found 6 results

Research papers, University of Canterbury Library

This is an ethnographic case study, tracking the course of arguments about the future of a city’s central iconic building, damaged following a major earthquake sequence. The thesis plots this as a social drama and examines the central discourses of the controversy. The focus of the drama is the Anglican neo-Gothic Christ Church Cathedral, which stands in the central square of Christchurch, New Zealand. A series of major earthquakes in 2010/2011 devastated much of the inner city, destroying many heritage-listed buildings. The Cathedral was severely damaged and was declared by Government officials in 2011 to be a dangerous building, which needed to be demolished. The owners are the Church Property Trustees, chaired by Bishop Victoria Matthews, a Canadian appointed in 2008. In March 2012 Matthews announced that the Cathedral, because of safety and economic factors, would be deconstructed. Important artefacts were to be salvaged and a new Cathedral built, incorporating the old and new. This decision provoked a major controversy, led by those who claimed that the building could and should be restored. Discourses of history and heritage, memory, place and identity, ownership, economics and power are all identified, along with the various actors, because of their significance. However, the thesis is primarily concerned with the differing meanings given to the Cathedral. The major argument centres on the symbolic interaction between material objects and human subjects and the various ways these are interpreted. At the end of the research period, December 2015, the Christ Church Cathedral stands as a deteriorating wreck, inhabited by pigeons and rats and shielded by protective, colourfully decorated wooden fences. The decision about its future remains unresolved at the time of writing.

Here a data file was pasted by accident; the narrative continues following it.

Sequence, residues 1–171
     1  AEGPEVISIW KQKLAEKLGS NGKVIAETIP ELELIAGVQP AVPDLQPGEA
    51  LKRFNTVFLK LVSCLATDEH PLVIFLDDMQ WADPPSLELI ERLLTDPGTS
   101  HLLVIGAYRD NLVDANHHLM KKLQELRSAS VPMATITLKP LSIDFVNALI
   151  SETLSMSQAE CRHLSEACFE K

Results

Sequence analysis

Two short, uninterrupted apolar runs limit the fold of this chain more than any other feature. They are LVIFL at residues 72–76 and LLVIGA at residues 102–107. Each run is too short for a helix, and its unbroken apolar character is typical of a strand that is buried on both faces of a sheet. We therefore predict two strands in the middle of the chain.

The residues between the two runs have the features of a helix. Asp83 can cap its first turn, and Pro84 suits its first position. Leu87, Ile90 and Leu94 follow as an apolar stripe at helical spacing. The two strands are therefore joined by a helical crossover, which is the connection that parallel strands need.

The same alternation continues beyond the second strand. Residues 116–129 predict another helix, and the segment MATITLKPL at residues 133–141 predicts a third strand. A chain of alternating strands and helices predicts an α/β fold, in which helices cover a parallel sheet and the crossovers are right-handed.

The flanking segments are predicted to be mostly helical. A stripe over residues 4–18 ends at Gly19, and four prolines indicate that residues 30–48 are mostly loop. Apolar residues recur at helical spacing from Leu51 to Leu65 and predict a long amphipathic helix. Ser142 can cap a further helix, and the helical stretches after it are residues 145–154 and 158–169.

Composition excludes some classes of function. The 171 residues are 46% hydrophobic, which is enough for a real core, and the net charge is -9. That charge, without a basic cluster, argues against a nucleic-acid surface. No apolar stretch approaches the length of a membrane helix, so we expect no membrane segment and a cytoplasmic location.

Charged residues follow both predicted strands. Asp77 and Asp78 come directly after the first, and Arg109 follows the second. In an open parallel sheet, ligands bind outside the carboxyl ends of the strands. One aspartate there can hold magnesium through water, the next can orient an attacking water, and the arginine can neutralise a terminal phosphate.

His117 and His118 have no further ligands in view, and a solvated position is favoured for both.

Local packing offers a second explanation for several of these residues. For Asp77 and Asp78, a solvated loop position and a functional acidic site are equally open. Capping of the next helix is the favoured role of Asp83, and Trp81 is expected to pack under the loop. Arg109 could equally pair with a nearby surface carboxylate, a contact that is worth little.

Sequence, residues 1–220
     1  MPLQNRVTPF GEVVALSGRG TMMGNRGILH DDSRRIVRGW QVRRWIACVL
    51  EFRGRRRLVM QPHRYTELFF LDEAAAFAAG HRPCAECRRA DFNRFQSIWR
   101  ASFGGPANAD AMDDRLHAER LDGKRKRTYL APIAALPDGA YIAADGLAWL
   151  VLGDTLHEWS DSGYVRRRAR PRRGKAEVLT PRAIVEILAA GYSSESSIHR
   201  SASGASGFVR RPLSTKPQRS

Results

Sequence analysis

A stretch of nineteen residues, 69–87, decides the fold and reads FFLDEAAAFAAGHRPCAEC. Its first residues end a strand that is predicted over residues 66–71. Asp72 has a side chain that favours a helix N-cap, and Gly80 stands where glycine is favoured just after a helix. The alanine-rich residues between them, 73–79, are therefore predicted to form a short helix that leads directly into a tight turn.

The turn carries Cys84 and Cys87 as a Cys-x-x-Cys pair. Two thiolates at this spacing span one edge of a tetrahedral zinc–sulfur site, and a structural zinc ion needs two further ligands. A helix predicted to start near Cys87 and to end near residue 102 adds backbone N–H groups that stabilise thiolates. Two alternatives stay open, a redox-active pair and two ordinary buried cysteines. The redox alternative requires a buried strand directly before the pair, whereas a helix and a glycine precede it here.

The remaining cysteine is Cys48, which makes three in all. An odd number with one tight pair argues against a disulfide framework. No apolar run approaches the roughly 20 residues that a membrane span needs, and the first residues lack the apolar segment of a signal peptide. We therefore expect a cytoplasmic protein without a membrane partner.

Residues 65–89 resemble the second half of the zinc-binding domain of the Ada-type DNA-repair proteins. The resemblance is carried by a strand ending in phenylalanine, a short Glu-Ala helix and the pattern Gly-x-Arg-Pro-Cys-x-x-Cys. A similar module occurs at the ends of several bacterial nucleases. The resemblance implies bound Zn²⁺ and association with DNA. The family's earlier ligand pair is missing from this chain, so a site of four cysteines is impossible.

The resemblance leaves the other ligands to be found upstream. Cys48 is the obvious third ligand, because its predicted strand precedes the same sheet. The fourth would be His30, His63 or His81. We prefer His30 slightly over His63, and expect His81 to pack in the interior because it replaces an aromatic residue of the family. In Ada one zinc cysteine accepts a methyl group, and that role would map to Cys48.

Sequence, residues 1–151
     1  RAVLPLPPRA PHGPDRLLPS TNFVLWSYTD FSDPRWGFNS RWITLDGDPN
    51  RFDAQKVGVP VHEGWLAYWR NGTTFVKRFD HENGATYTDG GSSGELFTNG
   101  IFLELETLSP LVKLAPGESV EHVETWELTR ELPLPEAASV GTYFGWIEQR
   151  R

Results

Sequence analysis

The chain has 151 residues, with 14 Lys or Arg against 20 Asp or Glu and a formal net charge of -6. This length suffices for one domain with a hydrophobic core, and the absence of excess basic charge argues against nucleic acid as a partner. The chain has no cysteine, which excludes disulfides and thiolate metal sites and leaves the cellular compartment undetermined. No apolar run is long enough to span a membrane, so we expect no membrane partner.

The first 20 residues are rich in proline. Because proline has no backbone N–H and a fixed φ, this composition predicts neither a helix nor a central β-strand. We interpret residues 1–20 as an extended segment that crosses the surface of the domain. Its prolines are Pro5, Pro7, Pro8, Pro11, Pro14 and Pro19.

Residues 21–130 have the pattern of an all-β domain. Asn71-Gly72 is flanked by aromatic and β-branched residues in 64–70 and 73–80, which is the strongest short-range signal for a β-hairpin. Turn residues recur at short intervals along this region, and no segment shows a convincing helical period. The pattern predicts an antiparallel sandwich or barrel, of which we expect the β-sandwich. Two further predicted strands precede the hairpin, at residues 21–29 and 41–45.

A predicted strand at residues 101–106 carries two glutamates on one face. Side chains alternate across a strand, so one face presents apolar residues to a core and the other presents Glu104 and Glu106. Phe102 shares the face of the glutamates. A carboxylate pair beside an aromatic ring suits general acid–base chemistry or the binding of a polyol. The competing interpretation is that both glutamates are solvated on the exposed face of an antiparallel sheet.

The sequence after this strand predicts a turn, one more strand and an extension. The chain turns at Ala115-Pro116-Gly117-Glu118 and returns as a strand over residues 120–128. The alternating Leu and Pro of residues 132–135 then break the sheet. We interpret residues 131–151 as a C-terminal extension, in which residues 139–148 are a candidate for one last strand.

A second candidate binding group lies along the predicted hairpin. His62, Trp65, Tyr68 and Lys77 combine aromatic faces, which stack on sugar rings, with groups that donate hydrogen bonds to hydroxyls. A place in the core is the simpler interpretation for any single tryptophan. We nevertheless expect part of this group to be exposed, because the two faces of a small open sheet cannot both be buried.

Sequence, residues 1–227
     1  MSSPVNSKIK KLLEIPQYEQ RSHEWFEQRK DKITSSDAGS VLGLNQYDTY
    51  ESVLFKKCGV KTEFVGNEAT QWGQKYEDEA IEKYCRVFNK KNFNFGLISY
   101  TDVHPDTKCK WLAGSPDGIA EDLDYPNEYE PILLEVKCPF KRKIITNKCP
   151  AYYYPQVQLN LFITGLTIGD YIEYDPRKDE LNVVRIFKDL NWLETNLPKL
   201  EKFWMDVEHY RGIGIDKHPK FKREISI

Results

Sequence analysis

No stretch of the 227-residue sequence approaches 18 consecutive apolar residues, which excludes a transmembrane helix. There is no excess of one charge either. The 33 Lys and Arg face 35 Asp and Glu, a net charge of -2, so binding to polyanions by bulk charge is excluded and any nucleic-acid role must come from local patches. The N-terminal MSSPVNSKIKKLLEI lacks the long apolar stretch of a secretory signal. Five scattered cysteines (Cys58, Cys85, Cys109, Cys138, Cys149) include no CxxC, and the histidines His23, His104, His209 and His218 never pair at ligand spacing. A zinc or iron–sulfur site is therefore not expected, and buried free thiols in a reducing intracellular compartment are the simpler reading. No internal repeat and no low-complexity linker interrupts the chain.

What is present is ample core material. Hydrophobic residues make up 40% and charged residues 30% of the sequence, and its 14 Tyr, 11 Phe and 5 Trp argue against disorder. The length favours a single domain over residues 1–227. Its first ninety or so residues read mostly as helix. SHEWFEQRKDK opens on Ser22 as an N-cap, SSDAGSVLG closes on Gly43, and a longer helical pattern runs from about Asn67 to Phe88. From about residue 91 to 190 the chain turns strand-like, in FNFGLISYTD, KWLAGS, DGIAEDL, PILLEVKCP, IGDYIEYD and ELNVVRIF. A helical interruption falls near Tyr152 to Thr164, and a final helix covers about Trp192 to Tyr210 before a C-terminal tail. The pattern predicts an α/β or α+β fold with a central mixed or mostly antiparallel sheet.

Audio, Radio New Zealand

There have been dramatic scenes at the America's cup in Bermuda with Team New Zealand capsizing at the start of its second race of the day against the Bristish team Ben Ainslie Racing. Our America's Cup correspondent Todd Niall was at the Team New Zealand base. Transport Minister Simon Bridges has been caught trying to block an Official Information request for details about a proposed new 50 million dollar Auckland railway line. Kiwirail argued it was legally required to release the information, but the idea of releasing that information was making Mr Bridges 'extremely uncomfortable.' A man believed to be an Algerian student has attacked a police officer with a hammer outside Notre-Dame Cathedral in Paris. Our correspondent Peter Allen says there is still a heavy police presence. The Labour Party says the government is short changing the health sector to the tune of $2.3 billion. The party's leader Andrew Little says funding hasn't kept up with the growing population and changing demographic. The United States secretary of state Rex Tillerson used a fleeting visit to Wellington yesterday to emphasise the importance of the Asia Pacific region and denying the US is stepping back from involvement here. Foreign affairs minister Gerry Brownlee says the US pulling out of the TPP doesn't prove anything. The immediate aftermath of the devastating 2011 Christchurch earthquake and its ongoing impact on residents' mental health is being described as a recovery of two halves. The latest wellbeing survey from the Canterbury District Health Board shows that one in five people, predominantly those living in the eastern suburbs, say they experience stress most or all of the time. Nicky Wagner, the Minister supporting Greater Christchurch Regeneration, says the city has a good quality of life when compared to the rest of the country, despite a new survey showing one in five people say they experience stress most or all of the time. Ms Wagner, says 82 per cent have a good or very good quality of life in Christchurch, which compares with 81 percent nationwide. She says the east side of the city is very low lying and suffered the most damage and work is still being down in that area.